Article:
Modifications to the file are committed to disk when the file is closed. Note that you may have consistency problems if you call Read or Write on a mmap'ed file. We do not require that you deal with this, but you should know how you could deal with it.


Evaluation

Evaluate the performance of your system Cache misses (in this case, TLB misses and page faults) can be divided into three
categories.

1. Compulsory misses are those due to the _rst reference to a cached item; no matter what, you have to pull each
referenced page o_ disk and put it into memory and into the TLB.

2. Capacity misses are those due to the size of the cache; if the \working set" of the program is larger than main
memory or the number of TLB entries, the program will incur misses. Capacity misses are those that would not
occur in an in_nite sized cache.

3. Conflict misses are those due to the replacement policy of the cache. These would not occur if the cache used
an "optimal" replacement policy, for the same program running on the same size cache.
Write a set of "useful" user programs that demonstrate both a small and large number of each kind of miss, for both
the TLB and paging from disk. In other words, write one test program that that demonstrates a small number of
capacity TLB misses, then one that demonstrates a small number of capacity page faults, then one that demonstrates
a large number of capacity TLB misses, etc.

As an example, both sort.c and matmult.c in the "test" directory demonstrate a large number of conflict misses for
most standard paging policies.

For each test case, explain its performance on your system, and say how you might improve the performance of
your system. You will probably find it useful to reduce the size of main memory (in machine.h), to more quickly
incur paging behavior.


Starting and using the Code

As mentioned above, there is no new code. You need to run a Makefile with different flags set.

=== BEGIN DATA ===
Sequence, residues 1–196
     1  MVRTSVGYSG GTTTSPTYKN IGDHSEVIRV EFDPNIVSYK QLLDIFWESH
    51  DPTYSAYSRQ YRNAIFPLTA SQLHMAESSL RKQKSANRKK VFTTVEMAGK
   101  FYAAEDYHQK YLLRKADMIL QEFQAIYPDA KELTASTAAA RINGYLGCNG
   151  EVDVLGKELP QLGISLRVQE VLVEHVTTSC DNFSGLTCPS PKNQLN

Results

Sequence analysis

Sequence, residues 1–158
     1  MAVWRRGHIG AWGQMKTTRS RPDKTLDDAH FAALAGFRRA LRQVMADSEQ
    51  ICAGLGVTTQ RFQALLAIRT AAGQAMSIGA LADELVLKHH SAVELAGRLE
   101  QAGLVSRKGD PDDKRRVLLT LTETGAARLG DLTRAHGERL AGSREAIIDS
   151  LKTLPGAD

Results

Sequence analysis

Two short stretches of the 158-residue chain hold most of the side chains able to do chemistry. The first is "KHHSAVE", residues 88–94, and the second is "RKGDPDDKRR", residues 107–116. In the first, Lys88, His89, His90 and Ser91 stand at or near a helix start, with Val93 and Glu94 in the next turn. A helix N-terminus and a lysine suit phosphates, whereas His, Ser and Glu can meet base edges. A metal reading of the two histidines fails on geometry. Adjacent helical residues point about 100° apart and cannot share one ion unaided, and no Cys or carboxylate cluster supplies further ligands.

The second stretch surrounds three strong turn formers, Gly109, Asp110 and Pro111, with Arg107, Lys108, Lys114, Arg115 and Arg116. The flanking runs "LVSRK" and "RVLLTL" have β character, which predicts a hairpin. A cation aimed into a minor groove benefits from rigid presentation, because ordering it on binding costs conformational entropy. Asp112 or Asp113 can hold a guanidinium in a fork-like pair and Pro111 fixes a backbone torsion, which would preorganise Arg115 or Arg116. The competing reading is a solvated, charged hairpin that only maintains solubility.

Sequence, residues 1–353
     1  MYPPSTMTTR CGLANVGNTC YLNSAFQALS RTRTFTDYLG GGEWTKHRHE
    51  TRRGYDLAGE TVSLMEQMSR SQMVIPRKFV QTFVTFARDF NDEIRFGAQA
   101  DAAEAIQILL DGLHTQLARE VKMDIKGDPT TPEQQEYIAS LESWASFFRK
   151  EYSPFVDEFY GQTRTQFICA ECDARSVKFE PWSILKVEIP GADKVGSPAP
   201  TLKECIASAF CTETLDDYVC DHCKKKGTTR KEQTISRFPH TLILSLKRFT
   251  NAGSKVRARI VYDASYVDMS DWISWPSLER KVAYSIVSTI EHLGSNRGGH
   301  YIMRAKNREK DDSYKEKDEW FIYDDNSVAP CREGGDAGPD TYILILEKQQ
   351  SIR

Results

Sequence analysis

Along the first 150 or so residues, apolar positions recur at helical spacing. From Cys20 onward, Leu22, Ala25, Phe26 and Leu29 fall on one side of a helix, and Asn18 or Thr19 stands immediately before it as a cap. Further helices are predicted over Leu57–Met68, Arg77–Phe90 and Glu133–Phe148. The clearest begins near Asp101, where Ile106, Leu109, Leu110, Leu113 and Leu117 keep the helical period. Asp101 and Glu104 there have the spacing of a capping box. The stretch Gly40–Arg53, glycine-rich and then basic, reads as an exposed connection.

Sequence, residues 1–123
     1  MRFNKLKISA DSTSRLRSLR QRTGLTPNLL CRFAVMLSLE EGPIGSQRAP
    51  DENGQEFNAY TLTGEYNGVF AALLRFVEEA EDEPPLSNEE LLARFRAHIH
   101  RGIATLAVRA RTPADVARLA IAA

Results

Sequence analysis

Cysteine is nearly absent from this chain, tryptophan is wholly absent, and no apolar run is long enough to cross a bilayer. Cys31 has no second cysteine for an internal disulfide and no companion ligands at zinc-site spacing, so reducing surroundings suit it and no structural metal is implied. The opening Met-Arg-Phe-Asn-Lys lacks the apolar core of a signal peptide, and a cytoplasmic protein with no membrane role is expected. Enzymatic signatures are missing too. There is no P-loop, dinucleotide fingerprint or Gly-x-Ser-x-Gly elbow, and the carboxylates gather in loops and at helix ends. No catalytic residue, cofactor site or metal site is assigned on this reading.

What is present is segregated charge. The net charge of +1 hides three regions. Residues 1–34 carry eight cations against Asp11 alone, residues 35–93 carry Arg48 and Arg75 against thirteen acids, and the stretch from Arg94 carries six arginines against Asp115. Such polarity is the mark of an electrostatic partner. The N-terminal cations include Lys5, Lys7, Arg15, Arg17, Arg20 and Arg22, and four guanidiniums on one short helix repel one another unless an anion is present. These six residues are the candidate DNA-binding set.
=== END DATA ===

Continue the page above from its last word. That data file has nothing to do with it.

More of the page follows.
It is probably helpful to start with the code you implemented so far. So, you can go to your current nachos project directory.

1. Go to the code directory and then change dir to /vm and make sure it exists.

2. Use the Makefile under /code/Makefile . You should now be ready.

3. Type make in the code directory and check that you get a nachos executable in the directory vm/.

4. If you run ./nachos -x ../test/halt you should get an assertion that the TLB is uninitialized.


Grading

Although there is no formal walkthrough for this assignment, you might want to answer the following questions to

help yourself learn the code.

1. Explain how address translation works in this assignment. Be specific! As you are reading the code, note that now the flags

"VM" and "USE TLB" are defined. This means that any code contained within an #ifdef VM until #endif will be included by the preprocessor and compiled.

2. Where is the TLB defined? How big is it?

3. When does the TLB get updated? Is there more than one place?

4. What happens on a TLB miss?

5. Do you need a page table? What data structures does the OS need to keep to handle memory references?

6. What page replacement policy will you use? Discuss implementation

7. What prefetching policy will you use? Discuss implementation

8. What cleaning policy will you use? Discuss implementation

 

Due date: Friday July 28 by 11:59pm.


What to turn in:
1. Short description (less than a page) of: the main challenge of this project and what was most beneficial to your learning.
2. Pack all the project files to a FirstName_LastNameProj3.zip file, using WinZip or a similar application.
3. Submit the zipped package by using the computer science department's anonymous FTP server
(cs.pitt.edu/incoming/CS1550/khalifa/
or ftp://ftp.cs.pitt.edu/incoming/CS1550/khalifa/). Please make sure to submit to the project number directory (project3).

Submission must be before the due date, otherwise, it will be considered late. Once you submit, you can't take the file back!
Therefore, please submit your final program and only one time.

Good luck!